BOISE — The votes are cast and counted. What are the lessons from Idaho’s Tuesday election? Here are six takeaways:
1. Turnout spiked in early voting — and just kept going
A whole lot of people turned out in Ada County to vote in Tuesday’s midterm election.
In the governor’s race, 129,285 county residents cast ballots on Election Day. That’s more than the 125,233 who voted on Election Day in 2016, when Donald Trump won the presidency.
“That’s pretty crazy,” said Phil McGrane, Ada County’s chief deputy clerk, who won the clerk’s job Tuesday. “This was more like a presidential election than it was a midterm.”
The increase reflects the county’s growing population. But there were several other reasons for it, said Gary Moncrief, political science professor emeritus at Boise State University.
“First, while there are a lot of negatives to a polarized political environment, one consequence is more citizen activism and interest,” Moncrief said by email. “When people think the results have real consequences, they are more likely to participate.”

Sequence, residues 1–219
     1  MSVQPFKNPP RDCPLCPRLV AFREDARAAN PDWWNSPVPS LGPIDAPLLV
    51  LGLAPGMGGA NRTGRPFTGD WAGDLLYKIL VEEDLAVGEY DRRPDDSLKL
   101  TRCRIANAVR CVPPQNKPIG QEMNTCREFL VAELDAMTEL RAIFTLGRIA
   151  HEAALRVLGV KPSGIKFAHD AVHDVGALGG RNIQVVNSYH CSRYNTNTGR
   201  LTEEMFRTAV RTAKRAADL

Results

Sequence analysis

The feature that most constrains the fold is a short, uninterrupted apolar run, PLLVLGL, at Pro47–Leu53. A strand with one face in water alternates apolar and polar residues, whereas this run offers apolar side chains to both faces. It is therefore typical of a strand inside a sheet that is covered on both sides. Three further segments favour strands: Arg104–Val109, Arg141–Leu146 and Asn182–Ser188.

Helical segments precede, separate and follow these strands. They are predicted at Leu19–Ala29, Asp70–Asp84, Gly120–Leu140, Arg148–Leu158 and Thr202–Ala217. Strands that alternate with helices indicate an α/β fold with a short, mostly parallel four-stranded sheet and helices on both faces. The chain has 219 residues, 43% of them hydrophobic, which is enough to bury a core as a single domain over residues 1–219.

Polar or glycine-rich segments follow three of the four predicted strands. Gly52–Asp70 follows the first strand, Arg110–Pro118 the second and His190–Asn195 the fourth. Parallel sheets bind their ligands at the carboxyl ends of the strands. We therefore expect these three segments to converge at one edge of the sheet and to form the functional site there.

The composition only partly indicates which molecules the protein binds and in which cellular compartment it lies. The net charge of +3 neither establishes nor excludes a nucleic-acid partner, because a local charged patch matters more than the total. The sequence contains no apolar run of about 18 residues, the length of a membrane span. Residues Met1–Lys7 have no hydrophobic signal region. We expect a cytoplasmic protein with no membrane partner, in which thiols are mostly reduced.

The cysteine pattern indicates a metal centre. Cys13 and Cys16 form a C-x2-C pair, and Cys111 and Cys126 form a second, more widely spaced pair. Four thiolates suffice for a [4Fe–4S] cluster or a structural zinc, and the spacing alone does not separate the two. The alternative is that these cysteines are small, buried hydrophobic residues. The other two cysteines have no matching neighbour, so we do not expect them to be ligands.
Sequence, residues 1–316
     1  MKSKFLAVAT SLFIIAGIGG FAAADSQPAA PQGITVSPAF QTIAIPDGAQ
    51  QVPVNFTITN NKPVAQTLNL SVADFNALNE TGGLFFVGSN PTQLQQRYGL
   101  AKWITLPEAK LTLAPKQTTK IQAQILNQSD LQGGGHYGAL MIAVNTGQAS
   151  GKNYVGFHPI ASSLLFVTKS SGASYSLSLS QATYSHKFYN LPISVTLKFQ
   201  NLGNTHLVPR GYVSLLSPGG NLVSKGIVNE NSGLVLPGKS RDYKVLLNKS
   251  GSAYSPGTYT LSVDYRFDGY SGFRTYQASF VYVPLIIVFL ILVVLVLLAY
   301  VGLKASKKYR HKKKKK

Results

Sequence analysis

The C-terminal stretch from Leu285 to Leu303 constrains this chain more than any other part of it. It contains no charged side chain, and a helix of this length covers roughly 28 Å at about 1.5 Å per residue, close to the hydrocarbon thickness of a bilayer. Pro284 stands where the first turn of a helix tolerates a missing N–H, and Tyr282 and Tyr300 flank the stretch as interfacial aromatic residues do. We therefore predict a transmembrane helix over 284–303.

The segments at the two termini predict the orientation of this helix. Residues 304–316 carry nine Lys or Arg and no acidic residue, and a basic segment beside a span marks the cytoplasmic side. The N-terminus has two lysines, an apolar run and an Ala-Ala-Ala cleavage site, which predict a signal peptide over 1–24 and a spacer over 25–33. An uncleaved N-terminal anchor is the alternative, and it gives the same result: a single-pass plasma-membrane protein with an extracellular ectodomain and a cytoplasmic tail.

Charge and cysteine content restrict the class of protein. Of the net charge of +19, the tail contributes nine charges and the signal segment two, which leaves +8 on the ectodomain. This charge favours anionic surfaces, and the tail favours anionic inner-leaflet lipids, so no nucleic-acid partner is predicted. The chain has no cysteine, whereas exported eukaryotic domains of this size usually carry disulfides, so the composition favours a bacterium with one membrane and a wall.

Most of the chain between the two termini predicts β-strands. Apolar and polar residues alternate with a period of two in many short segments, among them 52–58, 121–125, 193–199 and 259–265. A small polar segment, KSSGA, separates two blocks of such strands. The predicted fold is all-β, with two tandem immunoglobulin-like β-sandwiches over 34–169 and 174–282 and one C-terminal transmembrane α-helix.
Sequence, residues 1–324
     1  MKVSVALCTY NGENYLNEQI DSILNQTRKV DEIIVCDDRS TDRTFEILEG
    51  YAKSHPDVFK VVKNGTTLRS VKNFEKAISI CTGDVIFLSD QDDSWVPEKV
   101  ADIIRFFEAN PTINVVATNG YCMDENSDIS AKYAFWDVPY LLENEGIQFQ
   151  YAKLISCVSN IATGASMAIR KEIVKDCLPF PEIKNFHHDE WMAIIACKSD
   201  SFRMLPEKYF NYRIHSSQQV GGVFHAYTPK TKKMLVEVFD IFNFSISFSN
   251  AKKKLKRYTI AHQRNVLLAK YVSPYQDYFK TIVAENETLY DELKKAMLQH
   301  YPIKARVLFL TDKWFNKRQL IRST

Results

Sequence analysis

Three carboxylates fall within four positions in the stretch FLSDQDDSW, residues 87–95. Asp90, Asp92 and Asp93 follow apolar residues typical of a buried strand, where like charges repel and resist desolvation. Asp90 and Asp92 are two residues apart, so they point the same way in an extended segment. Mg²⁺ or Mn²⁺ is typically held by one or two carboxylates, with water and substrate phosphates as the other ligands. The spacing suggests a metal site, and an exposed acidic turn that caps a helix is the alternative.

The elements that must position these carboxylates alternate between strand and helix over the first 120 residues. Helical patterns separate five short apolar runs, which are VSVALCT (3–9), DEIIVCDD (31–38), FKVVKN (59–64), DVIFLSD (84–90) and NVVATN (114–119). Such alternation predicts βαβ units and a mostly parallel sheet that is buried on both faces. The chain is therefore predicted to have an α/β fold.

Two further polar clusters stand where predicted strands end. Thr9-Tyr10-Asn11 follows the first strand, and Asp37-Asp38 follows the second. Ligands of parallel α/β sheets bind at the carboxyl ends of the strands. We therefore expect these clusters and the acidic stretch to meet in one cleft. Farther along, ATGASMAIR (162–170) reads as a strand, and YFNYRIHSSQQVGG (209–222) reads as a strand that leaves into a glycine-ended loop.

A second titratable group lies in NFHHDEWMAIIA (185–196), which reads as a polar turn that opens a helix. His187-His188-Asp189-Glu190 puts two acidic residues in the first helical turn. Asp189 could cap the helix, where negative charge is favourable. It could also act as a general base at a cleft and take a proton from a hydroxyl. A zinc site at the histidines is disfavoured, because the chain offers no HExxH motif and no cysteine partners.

Second, he said, digital media campaigns targeted voters with very specific messages. And the propositions — especially Proposition 2, to expand Medicaid coverage — “seemed to motivate some people” to get out and vote, Moncrief said.
Turnout was lower in more-conservative Canyon County, where 72 percent of its 89,114 registered voters went to the polls. Still, that was nearly 17 percentage points higher than the 55.3 percent who voted in the 2014 midterm.
Gem and Elmore counties also showed increases. “It was the busiest day for us since Barack Obama was first elected in 2008,” said Vivian Garcia, an Elmore County elections specialist.
Overall state turnout figures were not available Wednesday.
2. Ada County got more blue
“Idaho is still a very red state,” said Governor-elect Brad Little during his victory speech Tuesday night at the Riverside Hotel.
But Ada County is headed the other way. In the state’s most populous county — home to 27 percent of Idaho’s population — Democrat Paulette Jordan eked by Little. Democrat Kristin Collum beat Republican Janice McGeachin by six points in the lieutenant governor’s race, and Democrat Cindy Wilson ended the night with a 20-point lead over incumbent GOP schools Superintendent Sherri Ybarra. Even Democratic political newcomer Aaron Swisher beat longtime U.S. Congressman Mike Simpson by 18 points.
When folded in with results from around the state, those Democratic gains were quickly diluted.
But Ada County voters largely flipped an entire legislative district, West Boise’s District 15, from red to blue. Incumbent Republican Reps. Lynn Luker and Patrick McDonald both lost their races to Democrats Steve Berch and Jake Ellis, respectively. The district’s senate seat came down to a six-vote difference between incumbent Republican Fred Martin and Democrat Jim Bratnober. A recount is under way.